But the legislation fell foul of Labor, the Greens and SA Best in the Upper House, and ultimately went the way of the right-hand tram turn onto North Terrace.

Which, according to new research by the Australia Institute published this week, might have been for the best.

The think-tank – variously described as ‘progressive’ and ‘left-wing’ – argues the Victorian Labor Government’s council rate-cap has cost that state’s economy 7425 direct and indirect jobs in 2021-22, and reduced GDP by up to $890 million over the same period.

“The costs of suppressed local government revenues, and corresponding austerity in the delivery of local government services, will continue to grow with each passing year if the policy is maintained,” it found.

“The rate cap policy, imposed by the Victorian state government on local governments, interferes with the mission of service delivery and expanded, secure employment.”

It argued that the policy “becomes more, rather than less, restrictive as the overall economy slows… since the rate cap is tied to inflation indexes which tend to slow when the economy is weak”.

“The rate caps act as a brake on recovery and growth by embedding a dynamic of self-fulfilling fiscal restraint and austerity,” the report argued.

“Rate caps are an arbitrary policy which ties growth in overall rates revenue to price indexes which have nothing to do with demand for services or democratic accountability.

“It’s not even the case that ratepayers necessarily save any money as a result of the rate cap. There has been a shift to other forms of revenue-raising that are less progressive and socially equitable.”

Sliding doors

One of the great ‘sliding-doors’ aspects to the whole expenses scandal and its fallout is that it likely led to the downfall of Deputy Premier Vickie Chapman.

For, had Knoll not been forced to step down from the Planning portfolio, the sort-of Attorney-General (pending an ongoing Ombudsman’s inquiry) would never have been in the position of deciding the fate of that Kangaroo Island timber port in the first place.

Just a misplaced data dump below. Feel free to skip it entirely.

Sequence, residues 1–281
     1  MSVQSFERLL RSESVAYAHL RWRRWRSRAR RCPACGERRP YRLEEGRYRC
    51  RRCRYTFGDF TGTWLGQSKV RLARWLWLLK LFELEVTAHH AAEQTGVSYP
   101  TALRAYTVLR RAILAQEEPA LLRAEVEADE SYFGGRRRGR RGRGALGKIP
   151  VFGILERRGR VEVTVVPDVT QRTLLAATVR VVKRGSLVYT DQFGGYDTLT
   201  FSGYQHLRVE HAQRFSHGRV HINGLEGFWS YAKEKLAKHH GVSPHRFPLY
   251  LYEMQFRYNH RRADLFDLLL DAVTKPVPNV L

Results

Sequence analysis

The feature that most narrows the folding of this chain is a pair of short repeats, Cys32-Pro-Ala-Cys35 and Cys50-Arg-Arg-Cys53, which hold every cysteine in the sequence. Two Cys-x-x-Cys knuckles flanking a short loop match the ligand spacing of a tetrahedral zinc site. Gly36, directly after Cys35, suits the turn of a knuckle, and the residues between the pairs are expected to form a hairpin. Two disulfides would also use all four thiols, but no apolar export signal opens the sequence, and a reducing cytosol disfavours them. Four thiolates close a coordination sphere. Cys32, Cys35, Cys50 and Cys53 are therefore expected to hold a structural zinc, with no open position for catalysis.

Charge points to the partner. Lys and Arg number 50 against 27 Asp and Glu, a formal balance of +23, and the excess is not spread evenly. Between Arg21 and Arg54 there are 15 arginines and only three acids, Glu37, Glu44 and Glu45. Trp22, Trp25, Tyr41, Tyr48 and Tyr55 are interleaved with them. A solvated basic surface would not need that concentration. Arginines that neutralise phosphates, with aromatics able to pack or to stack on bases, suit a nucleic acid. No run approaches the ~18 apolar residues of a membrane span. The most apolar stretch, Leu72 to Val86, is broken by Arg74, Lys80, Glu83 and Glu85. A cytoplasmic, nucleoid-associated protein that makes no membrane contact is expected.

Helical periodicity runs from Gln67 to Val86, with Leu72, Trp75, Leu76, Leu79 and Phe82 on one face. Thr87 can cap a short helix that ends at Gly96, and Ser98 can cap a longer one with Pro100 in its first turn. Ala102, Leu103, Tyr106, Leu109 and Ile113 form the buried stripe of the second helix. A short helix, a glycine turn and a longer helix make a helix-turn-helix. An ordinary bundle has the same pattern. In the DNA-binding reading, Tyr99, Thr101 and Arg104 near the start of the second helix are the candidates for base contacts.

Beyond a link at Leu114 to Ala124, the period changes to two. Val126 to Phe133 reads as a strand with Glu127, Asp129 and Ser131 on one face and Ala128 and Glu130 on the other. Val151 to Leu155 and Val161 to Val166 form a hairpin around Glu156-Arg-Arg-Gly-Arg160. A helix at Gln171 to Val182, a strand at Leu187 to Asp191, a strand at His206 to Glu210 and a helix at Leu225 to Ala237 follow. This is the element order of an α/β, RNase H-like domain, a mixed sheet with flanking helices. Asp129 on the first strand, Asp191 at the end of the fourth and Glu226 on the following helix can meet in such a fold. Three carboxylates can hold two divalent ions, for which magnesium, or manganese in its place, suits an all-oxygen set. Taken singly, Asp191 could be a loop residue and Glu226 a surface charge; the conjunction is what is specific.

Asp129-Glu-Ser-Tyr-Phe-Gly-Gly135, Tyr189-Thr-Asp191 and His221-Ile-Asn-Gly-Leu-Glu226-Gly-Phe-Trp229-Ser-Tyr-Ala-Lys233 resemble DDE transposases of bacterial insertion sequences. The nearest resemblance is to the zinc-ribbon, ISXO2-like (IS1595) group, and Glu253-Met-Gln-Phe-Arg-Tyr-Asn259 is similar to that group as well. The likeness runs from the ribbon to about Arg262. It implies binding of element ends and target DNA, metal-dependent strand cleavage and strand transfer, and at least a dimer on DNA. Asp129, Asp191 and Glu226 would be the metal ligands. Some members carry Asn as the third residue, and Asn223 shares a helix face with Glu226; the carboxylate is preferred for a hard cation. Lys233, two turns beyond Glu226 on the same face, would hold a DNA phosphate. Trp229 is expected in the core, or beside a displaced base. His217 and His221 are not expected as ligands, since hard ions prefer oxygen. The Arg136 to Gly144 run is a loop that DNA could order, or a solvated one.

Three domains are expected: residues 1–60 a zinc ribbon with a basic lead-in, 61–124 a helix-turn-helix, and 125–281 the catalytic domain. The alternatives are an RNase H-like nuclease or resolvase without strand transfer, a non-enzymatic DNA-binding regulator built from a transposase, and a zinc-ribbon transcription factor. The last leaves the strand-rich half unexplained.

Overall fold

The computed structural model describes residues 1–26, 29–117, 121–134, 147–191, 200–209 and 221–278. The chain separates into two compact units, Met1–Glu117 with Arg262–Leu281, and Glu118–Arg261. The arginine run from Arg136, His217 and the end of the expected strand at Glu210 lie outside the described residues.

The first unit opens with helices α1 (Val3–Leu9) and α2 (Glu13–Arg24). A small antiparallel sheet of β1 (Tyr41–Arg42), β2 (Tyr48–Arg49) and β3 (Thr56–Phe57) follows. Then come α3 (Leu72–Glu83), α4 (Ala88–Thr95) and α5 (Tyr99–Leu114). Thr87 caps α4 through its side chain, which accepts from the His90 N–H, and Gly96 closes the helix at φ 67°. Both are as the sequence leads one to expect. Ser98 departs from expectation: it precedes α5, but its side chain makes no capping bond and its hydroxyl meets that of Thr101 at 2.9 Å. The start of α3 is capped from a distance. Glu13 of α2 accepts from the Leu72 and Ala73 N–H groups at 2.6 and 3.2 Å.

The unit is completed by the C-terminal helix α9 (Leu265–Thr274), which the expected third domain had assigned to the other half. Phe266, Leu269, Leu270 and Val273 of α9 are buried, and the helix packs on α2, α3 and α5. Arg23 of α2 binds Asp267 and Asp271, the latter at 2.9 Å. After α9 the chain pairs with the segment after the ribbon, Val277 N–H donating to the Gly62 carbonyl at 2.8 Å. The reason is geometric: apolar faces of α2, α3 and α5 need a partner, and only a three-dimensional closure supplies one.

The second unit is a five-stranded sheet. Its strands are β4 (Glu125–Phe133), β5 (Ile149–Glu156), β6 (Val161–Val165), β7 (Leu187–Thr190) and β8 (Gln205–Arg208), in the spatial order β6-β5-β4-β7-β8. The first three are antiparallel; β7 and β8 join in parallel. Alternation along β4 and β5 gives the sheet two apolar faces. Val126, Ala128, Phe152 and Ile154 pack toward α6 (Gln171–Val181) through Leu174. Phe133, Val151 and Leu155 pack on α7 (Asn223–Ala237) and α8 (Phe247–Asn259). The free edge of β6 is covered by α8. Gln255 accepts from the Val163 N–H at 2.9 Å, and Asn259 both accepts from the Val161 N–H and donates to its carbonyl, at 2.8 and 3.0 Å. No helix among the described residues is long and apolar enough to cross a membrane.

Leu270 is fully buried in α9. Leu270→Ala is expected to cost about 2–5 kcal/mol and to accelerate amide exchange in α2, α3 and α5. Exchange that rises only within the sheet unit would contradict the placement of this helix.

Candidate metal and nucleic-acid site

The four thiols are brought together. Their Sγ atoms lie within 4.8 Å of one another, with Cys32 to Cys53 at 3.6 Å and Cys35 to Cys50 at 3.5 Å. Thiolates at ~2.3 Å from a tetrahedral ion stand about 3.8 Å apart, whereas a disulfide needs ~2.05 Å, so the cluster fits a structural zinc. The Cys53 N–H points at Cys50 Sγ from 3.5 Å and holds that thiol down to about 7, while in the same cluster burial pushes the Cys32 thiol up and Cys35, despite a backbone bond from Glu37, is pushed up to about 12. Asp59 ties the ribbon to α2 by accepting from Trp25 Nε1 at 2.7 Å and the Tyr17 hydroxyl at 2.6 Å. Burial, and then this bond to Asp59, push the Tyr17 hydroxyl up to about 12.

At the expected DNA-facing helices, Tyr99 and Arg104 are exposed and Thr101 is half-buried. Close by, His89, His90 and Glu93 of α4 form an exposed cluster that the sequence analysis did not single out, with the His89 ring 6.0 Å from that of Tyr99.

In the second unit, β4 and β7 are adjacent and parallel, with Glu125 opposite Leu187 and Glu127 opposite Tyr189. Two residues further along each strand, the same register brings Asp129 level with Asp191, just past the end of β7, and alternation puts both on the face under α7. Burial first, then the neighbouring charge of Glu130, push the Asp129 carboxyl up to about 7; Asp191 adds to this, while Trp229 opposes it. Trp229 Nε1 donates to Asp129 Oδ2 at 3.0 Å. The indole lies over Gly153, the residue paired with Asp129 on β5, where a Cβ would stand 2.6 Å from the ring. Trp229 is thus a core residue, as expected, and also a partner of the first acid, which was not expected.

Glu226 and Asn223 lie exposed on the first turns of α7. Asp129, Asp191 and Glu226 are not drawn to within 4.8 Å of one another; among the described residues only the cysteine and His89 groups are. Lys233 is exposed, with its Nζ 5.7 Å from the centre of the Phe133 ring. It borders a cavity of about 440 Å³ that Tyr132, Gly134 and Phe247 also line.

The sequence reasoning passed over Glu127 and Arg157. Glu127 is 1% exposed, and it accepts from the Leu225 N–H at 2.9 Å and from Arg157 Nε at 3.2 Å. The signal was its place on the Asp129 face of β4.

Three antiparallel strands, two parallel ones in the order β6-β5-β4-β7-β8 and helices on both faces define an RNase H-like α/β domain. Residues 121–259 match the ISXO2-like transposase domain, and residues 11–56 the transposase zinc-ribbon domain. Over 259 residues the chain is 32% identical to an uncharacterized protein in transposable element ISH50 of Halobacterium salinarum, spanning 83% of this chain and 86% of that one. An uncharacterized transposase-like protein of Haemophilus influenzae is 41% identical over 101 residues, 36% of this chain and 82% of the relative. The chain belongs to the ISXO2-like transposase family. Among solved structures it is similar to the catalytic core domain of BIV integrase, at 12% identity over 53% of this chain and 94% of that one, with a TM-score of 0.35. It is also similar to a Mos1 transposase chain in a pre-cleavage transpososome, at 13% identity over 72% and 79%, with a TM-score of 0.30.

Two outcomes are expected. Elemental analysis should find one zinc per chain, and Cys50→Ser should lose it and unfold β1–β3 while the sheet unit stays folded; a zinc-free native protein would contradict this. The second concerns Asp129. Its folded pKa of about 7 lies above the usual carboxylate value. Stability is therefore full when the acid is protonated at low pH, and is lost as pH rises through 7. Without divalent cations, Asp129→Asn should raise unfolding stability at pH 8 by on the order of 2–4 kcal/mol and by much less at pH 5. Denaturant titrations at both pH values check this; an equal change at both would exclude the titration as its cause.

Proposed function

Knoll’s farewell tour took on Farnham-esque proportions this week when he sat down with ABC Radio Adelaide’s fill-in presenter Simon Royal for an expansive chat, in which he was asked whether he would have approved the $40 million port proposal.

While he diplomatically declined to offer a straight answer, his response was still telling.

“We were heading down a pathway of dealing with the major issues [and] you never have an opinion on something until you have made your decision,” he said.

“Apprehension of bias is a real issue and so I made a [point] of never having an opinion before the fact.”

He noted there were “two key issues that I felt were still outstanding – one in relation to biosecurity and one in relation to turbidity of the water”.

“Those two issues I know were being worked through at the time that I stepped back,” he said.

“And had those issues been dealt with I could have seen that happen, but having said that – I didn’t have, and didn’t have available, the information that Vickie Chapman had to make that decision and so… I can’t say I would have approved it, but…”

That ominous conjunction prompted Royal to note that it in fact sounded rather like he could say he would have approved it, but sadly the former minister reverted to his political training and diplomatically declined to do so.

Notes On Adelaide is an occasional column telling the inside stories of Adelaide people, politics, institutions and issues. If you have information that you believe should be noted in this column, send us an email: